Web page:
Column by John Lohn, Swimming World senior writer
WASHINGTON, D.C., April 11. AS the rest of the world produces top-notch times during this recent flurry of national-championship events, the United States finds itself in the position of biding its time. With the American squad for this summer's World Championships selected last year, there is no reason for the U.S. to expect many on-par performances with what we've seen from the likes of the Chinese, Australians and Japanese, among others.
It's important to keep the global swimming scene in perspective, and not to panic. Sure, when Australia put together several quality efforts in the 100 freestyle, it announced the Boys from Oz as a legitimate contender in the 400 freestyle relay. That said, we're going to have to wait until July to actually see where the United States sits. Yet, given history, there isn't a reason to think this country will not answer the bell and excel, maintaining its status as the world's swimming power.
Now, a few thoughts from what transpired over the weekend, most notably from the Eric Namesnik Grand Prix at the University of Michigan.
**The second night of action from Canham Natatorium and the latest stop on the USA Swimming Grand Prix circuit saw a stunning development. While Michael Phelps turned in a superb outing en route to victory in the 100 backstroke, the 16-time Olympic medalist had a decade-long winning streak in the 200 butterfly snapped. Phelps finished a surprising fourth in the event that placed him on the global map, with China's Wu Peng taking top honors.
The best part of this development is what Phelps said after the race, when he was clearly disappointed with the outcome: "It was a matter of time before not training would catch up, and it did. That's all I can really say. It kind of stinks to have a run like I had in that race sort of stop today. But better to happen here than farther down the road. If that's not a wakeup call, I'm not sure what is."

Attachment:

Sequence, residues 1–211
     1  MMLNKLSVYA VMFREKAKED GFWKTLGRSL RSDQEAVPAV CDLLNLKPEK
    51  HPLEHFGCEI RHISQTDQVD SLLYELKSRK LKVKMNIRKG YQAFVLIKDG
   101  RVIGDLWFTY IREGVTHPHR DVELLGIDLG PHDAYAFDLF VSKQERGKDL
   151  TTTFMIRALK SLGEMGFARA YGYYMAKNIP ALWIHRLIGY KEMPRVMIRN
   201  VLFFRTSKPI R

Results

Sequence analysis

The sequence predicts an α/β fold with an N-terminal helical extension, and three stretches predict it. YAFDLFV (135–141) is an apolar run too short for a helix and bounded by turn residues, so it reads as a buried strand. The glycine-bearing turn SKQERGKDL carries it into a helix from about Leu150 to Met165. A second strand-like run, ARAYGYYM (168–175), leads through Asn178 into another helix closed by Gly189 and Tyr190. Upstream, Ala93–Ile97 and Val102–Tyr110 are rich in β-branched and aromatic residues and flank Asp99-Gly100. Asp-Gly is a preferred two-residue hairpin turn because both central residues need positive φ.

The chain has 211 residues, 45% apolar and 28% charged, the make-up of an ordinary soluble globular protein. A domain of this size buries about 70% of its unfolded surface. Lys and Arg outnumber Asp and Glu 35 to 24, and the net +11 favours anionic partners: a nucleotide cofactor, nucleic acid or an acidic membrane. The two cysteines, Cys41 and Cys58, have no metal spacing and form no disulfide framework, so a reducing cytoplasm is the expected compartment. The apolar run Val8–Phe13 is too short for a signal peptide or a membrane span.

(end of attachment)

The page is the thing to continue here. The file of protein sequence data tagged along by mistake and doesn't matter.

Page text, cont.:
It can be argued that Phelps is one of the most motivated athletes in history, fueled by the comments of others (see Ian Thorpe) and moments that didn't meet the high expectations of himself and coach Bob Bowman. Certainly, Phelps' showing in the 200 butterfly will buoy the living legend as he continues his preparations for the World Champs. That's a beautiful thing.
**From Japan, Kosuke Kitajima unloaded another swim over the weekend that affirmed his status as the greatest breaststroker in history. Kitajima hit the wall in 59.44 for the 100 breaststroke, sending a message to the remainder of the world that – sans high-tech suits – there is a lot of work to be done to knock off the double-gold medalist in the breast events from the Athens and Beijing Olympics.
**There were a few questions recently regarding Hershey High standout David Nolan, a Stanford University recruit and one of the finest scholastic swimmers in history. The questions revolved around Nolan's ability to take his short-course talents and translate them into elite performances in the long-course pool.
Well, the answer was provided when Nolan placed third in the 100 backstroke at the Eric Namesnik meet, clocking a time of 55.10. Nolan finished behind only Michael Phelps and Ryan Lochte, and his time was not produced while in peak form. Simply put: This kid is a superstar-in-the-making and deserves to be given the benefit of the doubt as he progresses.
**It's been written here before that the United States men have issues in the breaststroke. Well, so does Australia. Based on the results from the Aussie Trials for the World Champs, no one met the nation's qualifying standard to represent the country in the 200 breaststroke. It makes you wish Leisel Jones opted to contest the 200 breaststroke.